└── sailfish
    ├── harbour-project_name.png
    ├── project_name.desktop
    └── project_name.spec

Furthermore you can use the *.desktop and *.spec files found inside deploy/sailfish as a template to build upon.

AsteroidOS

Embedded

Raspberry Pi

Environmental Variables

Variable Default Type Note
RPI_TOOLS_DIR $HOME/raspi/tools string set this to override the default path to the raspi tools repo
RPI_COMPILER arm-rpi-4.9.3-linux-gnueabihf string gcc-linaro-arm-linux-gnueabihf-raspbian-x64 is used for the docker images

Branding

You can use the rpiX folders at the root of your project to let qtdeploy automatically bundle your assets.

Tools

The tools can be found either in $GOPATH/bin or $GOBIN and are symlinked into your PATH during the setup.

If you ran the minimal setup and/or depend on the docker images for the specific target, then you need to use the -docker flag when you use them.

qtsetup

The use of qtsetup is rarely necessary after you are done with the inital setup.

But you can use it to dump some environmental infos by running: qtsetup check [TARGET]

And it can be used to update the tools by running: qtsetup update

Or be used to upgrade the whole repo by running: qtsetup upgrade (you will need to re-run the setup after this)

Run qtsetup -help for more infos.

qtdeploy

qtdeploy is used to deploy your applications.

You can compile and deploy to your desktop target by running: qtdeploy build desktop [path/to/your/project]

(it’s possible to obtain the path, if you are currently inside the project folder)

The other valid targets are:

Target
windows
darwin
linux
android
android-emulator
ios
ios-simulator
sailfish
sailfish-emulator
rpi1
rpi2
rpi3
asteroid

So for example running:

qtdeploy build android [path/to/your/project]

will deploy your project for the android target.

and running:

qtdeploy -docker build android [path/to/your/project]

will use the docker image for it.

You can speedup the compilation by using the -fast flag. (only for the desktop target)

qtdeploy will also call qtrcc, qtmoc and qtminimal for you.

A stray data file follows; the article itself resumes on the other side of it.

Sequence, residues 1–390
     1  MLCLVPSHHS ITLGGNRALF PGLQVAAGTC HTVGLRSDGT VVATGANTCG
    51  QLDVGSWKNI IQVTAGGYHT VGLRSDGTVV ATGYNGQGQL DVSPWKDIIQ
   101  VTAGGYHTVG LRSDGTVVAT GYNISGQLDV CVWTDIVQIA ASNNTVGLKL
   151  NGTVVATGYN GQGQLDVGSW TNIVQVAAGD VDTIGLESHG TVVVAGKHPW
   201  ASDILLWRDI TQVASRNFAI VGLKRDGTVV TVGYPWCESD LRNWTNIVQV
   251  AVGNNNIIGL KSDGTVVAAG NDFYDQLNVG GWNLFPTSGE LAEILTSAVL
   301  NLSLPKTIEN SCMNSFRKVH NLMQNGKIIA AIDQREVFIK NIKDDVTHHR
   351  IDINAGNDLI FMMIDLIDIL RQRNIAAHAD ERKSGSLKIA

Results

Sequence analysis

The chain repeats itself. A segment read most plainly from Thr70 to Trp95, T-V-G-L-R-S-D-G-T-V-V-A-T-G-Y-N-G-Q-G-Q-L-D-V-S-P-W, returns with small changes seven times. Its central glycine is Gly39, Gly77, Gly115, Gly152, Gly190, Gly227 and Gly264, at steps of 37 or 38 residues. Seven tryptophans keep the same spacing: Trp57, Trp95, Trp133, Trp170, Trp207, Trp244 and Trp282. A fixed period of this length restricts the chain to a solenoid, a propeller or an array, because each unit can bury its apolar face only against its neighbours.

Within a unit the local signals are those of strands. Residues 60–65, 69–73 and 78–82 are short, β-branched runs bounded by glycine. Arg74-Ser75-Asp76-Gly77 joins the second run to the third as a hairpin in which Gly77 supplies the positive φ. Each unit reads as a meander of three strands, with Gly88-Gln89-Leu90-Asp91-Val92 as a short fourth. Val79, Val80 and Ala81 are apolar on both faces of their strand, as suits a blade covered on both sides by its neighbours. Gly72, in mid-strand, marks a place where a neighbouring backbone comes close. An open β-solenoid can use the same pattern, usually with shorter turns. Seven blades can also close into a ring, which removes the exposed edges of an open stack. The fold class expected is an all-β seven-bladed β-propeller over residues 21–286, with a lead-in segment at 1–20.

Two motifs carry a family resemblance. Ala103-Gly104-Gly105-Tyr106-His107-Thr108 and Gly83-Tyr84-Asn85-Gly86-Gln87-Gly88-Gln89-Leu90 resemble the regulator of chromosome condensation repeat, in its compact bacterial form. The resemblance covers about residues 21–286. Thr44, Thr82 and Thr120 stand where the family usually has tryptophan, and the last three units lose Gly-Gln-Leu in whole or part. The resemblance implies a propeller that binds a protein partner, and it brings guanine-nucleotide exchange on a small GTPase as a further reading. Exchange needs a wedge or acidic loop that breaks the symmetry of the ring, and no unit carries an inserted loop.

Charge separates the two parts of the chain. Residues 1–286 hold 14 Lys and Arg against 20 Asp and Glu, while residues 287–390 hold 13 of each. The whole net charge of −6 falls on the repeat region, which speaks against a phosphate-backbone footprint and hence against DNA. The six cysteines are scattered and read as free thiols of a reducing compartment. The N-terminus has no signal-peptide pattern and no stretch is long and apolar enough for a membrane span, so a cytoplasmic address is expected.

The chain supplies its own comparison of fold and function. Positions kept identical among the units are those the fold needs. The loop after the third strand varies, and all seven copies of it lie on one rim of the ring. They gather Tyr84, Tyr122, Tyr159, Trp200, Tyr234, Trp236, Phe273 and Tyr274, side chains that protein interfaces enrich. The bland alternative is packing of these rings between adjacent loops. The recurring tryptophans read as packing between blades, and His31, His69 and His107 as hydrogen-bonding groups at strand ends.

There will be various files created during the compilation, it’s recommended to not manually edit or remove them.

Run qtdeploy -help for more infos.

qtrcc

qtrcc is a wrapper around Qt’s rcc and can be used to bundle resources with your code.

You can use it to bundle resources for the desktop target like this: qtrcc desktop path/to/your/project

(it’s possible to obtain the path, if you are currently inside the project folder)

qtrcc will then automatically bundle all resources from the qml sub-folder (path/to/your/project/qml).

If you want to re-use your current .qrc file(s) instead, or simply want to have more control about your resouces, then you can place your .qrc file(s) inside the root folder.

Or if you need even more control, then you can just use rcc directly as well, but make sure to obtain one of these rcc_cgo_*.go files to place them alongside with your rcc generated .cpp file.

Invoking qtrcc will generate at least 3 different files, it’s recommended to not manually edit or remove them.

Futhermore qtquickcontrols2.conf files are automatically detected inside the root folder and bundled as well.

You can edit the *.qrc files by hand, or with the help of the Qt Creator.

Run qtrcc -help for more infos.

qtmoc

qtmoc is a wrapper around Qt’s moc and can be used to create sub-classes of Qt classes and to extend them with your own constructors, signals, slots and properties.

It’s recommended that you get yourself familiar with Qt’s signal and slot mechanism first: https://doc.qt.io/qt-5/signalsandslots.html

You can use qtmoc like this: qtmoc desktop path/to/your/project or qtmoc desktop path/to/your/sub-package

(it’s possible to obtain the path, if you are currently inside the project or sub-package folder)

For this to work you need to create a moc struct first:

package main

import "github.com/therecipe/qt/core"

//this struct will let qtmoc generate the necessary Go and C++ code.
//such as the NewExampleStruct and DestroyExampleStruct functions
type exampleStruct struct {

	//let qtmoc know what class you want to sub-class
	//this can be any class that is derived from QObject
	//and could also be one of your own moc classes
	//it's important that you anonymously embed the type as a value here
	//qtmoc will ignore this struct otherwise
	core.QObject

	//this will let qtmoc know that you want to have the "init" function called
	//when you call NewExampleStruct
	_ func() `constructor:"init"`

	//this will let qtmoc know that you want a signal called "firstSignal"
	//so that the related Connect* Disconnect* functions can be created
	_ func() `signal:"firstSignal"`

	//the signal can also have parameters, but no return parameter
	//return parameters are only possible if you create a slot
	_ func(bool, int, string, []string, map[string]string) `signal:"secondSignal"`